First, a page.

Project has trained 13 undergraduate and master’s students from nursing, oncology, computer science, and engineering in the skills of app design and development for cancer caregiving.

Aimee Castro is finishing up her 6th year in the ISoN PhD program, supervised by Prof. Argerie Tsimicalis and supported by the iRespite Services iRépit research advisory team, including John Kildea, Antonia Arnaert, Karyn Moffatt, and Bessy Bitzas. Gabrielle Lalonde-LeBlond, who will be graduating in May, is in her last semester of the MSc(A)-N program (direct entry to advanced practice nursing). The iRespite project has received generous support from the Rossy Cancer Network, the McGill Nursing Collaborative, the FRQS, the Canadian Nurses Foundation, the College of Registered Nurses of Newfoundland and Labrador, the OIIQ/MES, CIHR (Master’s Award), and RRISIQ.

How did you become involved in iRespite and when do you expect the project to be completed?

Aimee: I was looking for a way to use my interest in mobile technologies to address common home respite care challenges. These were challenges that my mother and I had experienced firsthand as family caregivers, and ones that I also witnessed later on as a homecare worker and a nursing student. I kept wondering, when you have a loved one who is extremely ill and you haven’t had time to put support networks in place, who do you call when you suddenly need help? In the summer of 2016, while on the train to Ontario, I had an idea: What if there was an app that could quickly provide trusted respite care services by matching families’ needs for a break in their family care roles with the availabilities and skills of trained respite care providers?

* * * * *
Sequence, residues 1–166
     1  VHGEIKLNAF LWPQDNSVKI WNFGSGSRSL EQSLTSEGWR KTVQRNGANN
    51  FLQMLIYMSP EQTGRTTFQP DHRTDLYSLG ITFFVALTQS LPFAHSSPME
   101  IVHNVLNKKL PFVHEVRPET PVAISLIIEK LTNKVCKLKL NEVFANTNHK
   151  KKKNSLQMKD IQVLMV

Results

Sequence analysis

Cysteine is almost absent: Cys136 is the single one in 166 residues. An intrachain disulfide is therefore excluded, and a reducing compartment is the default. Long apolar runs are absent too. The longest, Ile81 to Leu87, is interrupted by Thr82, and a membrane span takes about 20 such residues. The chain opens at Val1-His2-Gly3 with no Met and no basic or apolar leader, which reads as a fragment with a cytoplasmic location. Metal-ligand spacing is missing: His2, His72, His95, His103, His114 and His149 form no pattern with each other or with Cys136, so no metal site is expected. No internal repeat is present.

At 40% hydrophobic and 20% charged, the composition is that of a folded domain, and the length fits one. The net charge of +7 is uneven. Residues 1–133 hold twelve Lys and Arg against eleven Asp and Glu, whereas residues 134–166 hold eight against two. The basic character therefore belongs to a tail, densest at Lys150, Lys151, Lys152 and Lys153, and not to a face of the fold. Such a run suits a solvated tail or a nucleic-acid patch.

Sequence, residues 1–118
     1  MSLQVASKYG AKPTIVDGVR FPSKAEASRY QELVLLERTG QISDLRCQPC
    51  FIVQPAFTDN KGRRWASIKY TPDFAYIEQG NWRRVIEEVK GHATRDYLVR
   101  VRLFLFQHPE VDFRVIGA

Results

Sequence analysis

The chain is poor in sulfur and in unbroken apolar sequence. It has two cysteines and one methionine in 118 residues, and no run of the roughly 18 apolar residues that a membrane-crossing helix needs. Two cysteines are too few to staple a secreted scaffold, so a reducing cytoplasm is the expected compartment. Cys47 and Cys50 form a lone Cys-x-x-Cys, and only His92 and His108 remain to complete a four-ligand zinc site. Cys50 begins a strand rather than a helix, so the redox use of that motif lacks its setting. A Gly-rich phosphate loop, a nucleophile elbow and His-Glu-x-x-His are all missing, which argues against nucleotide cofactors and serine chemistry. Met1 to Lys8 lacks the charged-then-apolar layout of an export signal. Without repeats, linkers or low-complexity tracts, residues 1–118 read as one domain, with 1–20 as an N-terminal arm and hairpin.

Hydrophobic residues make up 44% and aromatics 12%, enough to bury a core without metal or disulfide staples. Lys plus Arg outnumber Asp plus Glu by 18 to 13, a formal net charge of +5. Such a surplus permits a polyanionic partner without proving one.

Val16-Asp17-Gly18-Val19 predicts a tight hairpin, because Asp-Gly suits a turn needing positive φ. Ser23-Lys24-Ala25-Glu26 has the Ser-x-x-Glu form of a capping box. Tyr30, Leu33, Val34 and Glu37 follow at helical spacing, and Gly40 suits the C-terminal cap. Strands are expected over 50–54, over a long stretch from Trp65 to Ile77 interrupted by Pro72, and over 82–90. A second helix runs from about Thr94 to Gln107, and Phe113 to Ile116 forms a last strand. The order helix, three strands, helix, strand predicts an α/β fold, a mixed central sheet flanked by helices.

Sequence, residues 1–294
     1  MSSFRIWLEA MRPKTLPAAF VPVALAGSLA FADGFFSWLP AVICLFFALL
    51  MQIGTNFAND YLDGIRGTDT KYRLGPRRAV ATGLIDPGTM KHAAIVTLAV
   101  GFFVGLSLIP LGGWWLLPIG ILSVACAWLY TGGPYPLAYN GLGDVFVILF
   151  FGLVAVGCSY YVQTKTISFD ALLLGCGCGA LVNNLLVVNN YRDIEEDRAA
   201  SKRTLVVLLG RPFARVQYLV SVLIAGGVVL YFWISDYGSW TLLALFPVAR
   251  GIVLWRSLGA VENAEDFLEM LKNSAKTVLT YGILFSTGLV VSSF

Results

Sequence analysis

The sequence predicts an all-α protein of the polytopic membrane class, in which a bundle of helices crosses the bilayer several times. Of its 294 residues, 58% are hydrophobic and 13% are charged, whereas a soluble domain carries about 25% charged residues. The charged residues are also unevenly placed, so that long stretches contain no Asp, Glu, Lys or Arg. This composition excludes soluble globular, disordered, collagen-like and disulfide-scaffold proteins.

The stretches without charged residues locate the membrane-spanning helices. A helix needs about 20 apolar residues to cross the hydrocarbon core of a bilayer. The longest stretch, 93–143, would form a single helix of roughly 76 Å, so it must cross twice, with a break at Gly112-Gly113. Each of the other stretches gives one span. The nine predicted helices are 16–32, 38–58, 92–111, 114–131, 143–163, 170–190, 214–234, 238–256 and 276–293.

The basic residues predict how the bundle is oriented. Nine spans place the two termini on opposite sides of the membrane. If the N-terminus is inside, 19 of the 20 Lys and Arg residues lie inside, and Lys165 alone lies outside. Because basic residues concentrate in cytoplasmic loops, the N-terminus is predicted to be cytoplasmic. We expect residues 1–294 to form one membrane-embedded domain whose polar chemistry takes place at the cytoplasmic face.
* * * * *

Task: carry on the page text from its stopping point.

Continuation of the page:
My nursing PhD work involves building that app with our team. Specifically, I’ve been leading the design of the iRespite app through a three-phase series of interviews and app design sessions with nurses, family caregivers, and adult patients living with advanced cancers. We’ve trained 13 undergraduate and master’s students from nursing, oncology, computer science, and engineering in the skills of app design and development for cancer caregiving. I’m aiming to finish the user-centred design of iRespite by next year so that we can move towards development and pilot testing of the app for my future research.

Gabrielle: My work within the iRespite team has revolved around compiling data about agencies offering respite care services to families with palliative care needs and translating this data into a user-informed digital tool. This work has recently been accepted for publication by JMIR Nursing, and a user-friendly document is now available for sharing respite care resources with families here.

What attracted you to this project and what outcome do you hope to see?

Aimee: It’s been exciting to take my initial entrepreneurial idea and grow it into a full-blown research project, nurtured by my supervisor, Prof. Argerie Tsimicalis, and our team. I hope that our app — or at least, the ideas we’ve learned through designing it — can be implemented with the support of home palliative care organizations in Quebec over the next few years, to make the coordination of respite care services easier for families.

Gabrielle: As I started the nursing master’s program, I was interested in gaining more experience in research. When I stumbled upon the iRespite project, I was intrigued by the intersection between nursing research, digital health, palliative care, oncology and caregiving. The project was innovative and differed from traditional research techniques I had previously encountered in my undergraduate studies. I look forward to the implementation of the iRespite app and navigator in clinical/community settings. It will be very rewarding to see the impact of this tool in alleviating difficulties associated with accessing respite care.